Today I released a flashable ZIP of the latest stock KitKat 4.4.2 ROM for the HTC Butterfly S. To download the thing, head over to the thread at XDA Developers. Read on if you want to find out more about why it took me so long and what my impressions of the system are so far.
The update was released for the Hong Kong version of the phone (which is the one I own) nearly two weeks ago, which means it took me quite some time to get this out. One of the reasons is that Zarboz beat me to it and released a ZIP before I found the time to dig into this myself. That's why it slipped somewhat lower on my TODO list.
However, it's been brought to my attention that the ZIP in question is not completely stock since it contains some flavor of Superuser preinstalled. My releases, on the other hand, are completely vanilla without modifications of any kind.
That's why I decided to finally get this out of the way this Tuesday.
Making of the installer
The first complication appeared while I was trying to apply the OTA update to a stock, unmodded system on the previous version. I installed the stock recovery from the previous update and let it install the OTA. It rebooted and... got stuck while booting the system. Weird colors on the screen and it just hung.
So I tried again, but this time I selected the update ZIP manually in the recovery in order to see the messages it prints. It failed on set_metadata_recursive -- it was trying to set extended capabilities and SELinux labels on certain files. The stock recovery from 2.21.708.1, however, doesn't support these kinds of metadata. Solution? Install the recovery from the update I was trying to apply and try again -- went just fine.
I have no idea how the update is supposed to work on locked unmodded phones, but whatever. Or maybe I just installed an older version of the recovery by mistake... No idea and I'm not curious enough to investigate this further.
Making the ZIP installer was another challenge. At first, I just took the installer from 2.21.708.1, replaced the files, updated the description, copied additional metadata commands from the OTA installer, built the package and tried to install.
It failed, of course.
The problem was that I was using an update-binary I found somewhere on the XDA forums (don't recall where) and it looks like it is some old version which doesn't support the new set_metadata and set_metadata_recursive functions. The easiest thing for me to do was to just take the update-binary from the official OTA package.
This, however, broke the installation of boot.img. Butterfly S doesn't have any MTD partitions, its storage is accessed as EMMC. The problem is, in the upstream version of the installer, write_raw_image can only write images to MTD partitions, not EMMC. The old version of the binary I was using previously must have been patched to support EMMC as well.
Luckily, just calling dd to write the image to /dev/block/mmcblk0p36, which is the boot partition on the Butterfly S, seems to work fine.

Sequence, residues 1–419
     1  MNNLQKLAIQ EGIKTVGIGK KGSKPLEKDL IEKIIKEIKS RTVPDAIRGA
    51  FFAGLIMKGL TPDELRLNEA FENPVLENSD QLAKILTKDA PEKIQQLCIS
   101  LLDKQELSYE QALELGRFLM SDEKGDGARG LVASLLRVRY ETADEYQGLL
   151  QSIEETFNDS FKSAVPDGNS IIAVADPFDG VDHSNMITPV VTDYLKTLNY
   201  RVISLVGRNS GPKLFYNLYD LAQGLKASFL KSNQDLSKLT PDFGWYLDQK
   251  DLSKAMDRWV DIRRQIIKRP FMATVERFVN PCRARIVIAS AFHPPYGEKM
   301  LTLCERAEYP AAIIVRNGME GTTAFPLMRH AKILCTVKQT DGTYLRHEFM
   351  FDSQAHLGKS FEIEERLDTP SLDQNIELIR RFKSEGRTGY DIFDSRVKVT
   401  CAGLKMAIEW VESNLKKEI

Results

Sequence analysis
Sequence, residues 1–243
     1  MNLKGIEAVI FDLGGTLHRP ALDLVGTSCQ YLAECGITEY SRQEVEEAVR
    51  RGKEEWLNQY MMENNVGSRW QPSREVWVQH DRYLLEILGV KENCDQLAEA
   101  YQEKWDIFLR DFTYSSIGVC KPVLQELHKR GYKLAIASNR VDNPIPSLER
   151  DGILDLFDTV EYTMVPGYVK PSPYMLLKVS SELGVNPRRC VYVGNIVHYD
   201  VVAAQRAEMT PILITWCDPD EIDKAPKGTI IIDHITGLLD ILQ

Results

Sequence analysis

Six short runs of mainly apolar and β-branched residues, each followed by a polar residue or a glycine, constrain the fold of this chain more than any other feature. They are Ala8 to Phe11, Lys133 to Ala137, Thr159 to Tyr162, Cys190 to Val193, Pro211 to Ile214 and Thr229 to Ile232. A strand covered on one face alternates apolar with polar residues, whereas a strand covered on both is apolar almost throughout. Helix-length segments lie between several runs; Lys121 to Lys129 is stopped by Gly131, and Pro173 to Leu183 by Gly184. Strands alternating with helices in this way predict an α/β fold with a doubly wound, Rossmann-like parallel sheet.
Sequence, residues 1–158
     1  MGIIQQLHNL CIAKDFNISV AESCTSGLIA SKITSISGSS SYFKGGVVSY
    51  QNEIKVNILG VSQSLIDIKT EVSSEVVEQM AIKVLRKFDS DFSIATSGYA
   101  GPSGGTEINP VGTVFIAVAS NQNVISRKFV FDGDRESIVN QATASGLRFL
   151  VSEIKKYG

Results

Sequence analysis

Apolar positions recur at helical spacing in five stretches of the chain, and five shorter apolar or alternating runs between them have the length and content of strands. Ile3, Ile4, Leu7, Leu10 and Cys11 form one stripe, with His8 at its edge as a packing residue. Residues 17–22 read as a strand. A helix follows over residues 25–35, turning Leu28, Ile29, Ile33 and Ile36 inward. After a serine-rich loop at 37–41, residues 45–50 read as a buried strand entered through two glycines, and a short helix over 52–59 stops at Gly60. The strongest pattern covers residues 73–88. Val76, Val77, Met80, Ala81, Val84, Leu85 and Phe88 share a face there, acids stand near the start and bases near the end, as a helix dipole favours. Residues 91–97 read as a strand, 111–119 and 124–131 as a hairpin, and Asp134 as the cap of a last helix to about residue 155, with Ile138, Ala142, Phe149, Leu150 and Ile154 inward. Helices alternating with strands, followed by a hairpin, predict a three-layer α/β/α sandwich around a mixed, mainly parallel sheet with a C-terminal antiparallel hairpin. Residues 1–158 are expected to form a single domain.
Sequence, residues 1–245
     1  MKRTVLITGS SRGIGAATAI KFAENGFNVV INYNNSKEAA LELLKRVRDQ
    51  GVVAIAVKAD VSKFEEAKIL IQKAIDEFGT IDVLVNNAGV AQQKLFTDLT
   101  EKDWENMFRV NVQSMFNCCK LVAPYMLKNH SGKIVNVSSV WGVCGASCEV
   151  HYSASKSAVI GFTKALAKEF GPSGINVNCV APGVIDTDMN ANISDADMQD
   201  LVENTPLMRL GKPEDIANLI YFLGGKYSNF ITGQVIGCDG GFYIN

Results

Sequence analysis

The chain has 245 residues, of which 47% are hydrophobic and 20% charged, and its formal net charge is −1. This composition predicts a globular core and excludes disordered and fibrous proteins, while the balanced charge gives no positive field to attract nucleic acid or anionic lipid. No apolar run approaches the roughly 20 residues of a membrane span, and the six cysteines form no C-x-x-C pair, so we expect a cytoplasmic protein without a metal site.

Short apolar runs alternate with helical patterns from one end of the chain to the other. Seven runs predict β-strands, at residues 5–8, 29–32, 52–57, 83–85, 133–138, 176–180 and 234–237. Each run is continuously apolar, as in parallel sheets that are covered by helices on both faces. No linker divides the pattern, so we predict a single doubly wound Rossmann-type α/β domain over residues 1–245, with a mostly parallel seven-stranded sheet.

The only remaining problem is that none of the builds of TWRP that are available at the moment support filesystem capabilities and SELinux labels, which means the set_metadata calls will fail when trying to set them. From what I've read, only CWM Touch 18.104.22.168 is recent enough to support the metadata, but the only build available doesn't support the external SD.
I could always make two versions of the ROM, one for recoveries with support for these kinds of metadata and one for recoveries without the support, but I'm not a big fan of that. Instead, I modified the installer to first set the regular metadata that works everywhere and only try to set the extended metadata as the very last step of the installation process.
If the metadata isn't supported, it should be OK, the installation will fail, but everything should be safely in place at that point. If it is supported, there's no problem at all. Either way, you end up with a working stock system, only the installer might fail, but you can safely ignore that.
So yeah, that's a short version of the story; in reality, it took me a lot more attempts to flesh out stupid mistakes but these were the biggest issues I encountered. Consider that it takes about 15 minutes to build the ZIP and push it to the device and then I had to wait for it to finish unpacking just to see where it failed... Well, it was tedious.
My impressions of the 4.4.2 system
I've been using the new system for about a day and a half and my impressions are mixed so far.
The nicest feature I noticed about the update is the ability to bring up the notification bar even in full-screen apps. It also turns some of the notification area icons (notably, the battery indicator) to black-and-white which is okay, I guess; it makes the overall look somewhat more consistent with the general monochromatic theme.
However, a big issue seems to be the battery drain. After I finished tuning the ROM installer, my phone was most certainly fully charged. Within 11 hours of medium usage, the battery level was down to about 10%, which is much worse than on my old HTC Desire after three years of service with the original battery.
Today, it appears to have performed a tiny bit better, after a full day it is at 32%. I guess I'll try to give the system a week to settle (I know the Android system needs some time to make statistics in order to optimize memory and process management), but if things don't improve significantly, I'm afraid I'll have to revert back to 4.3.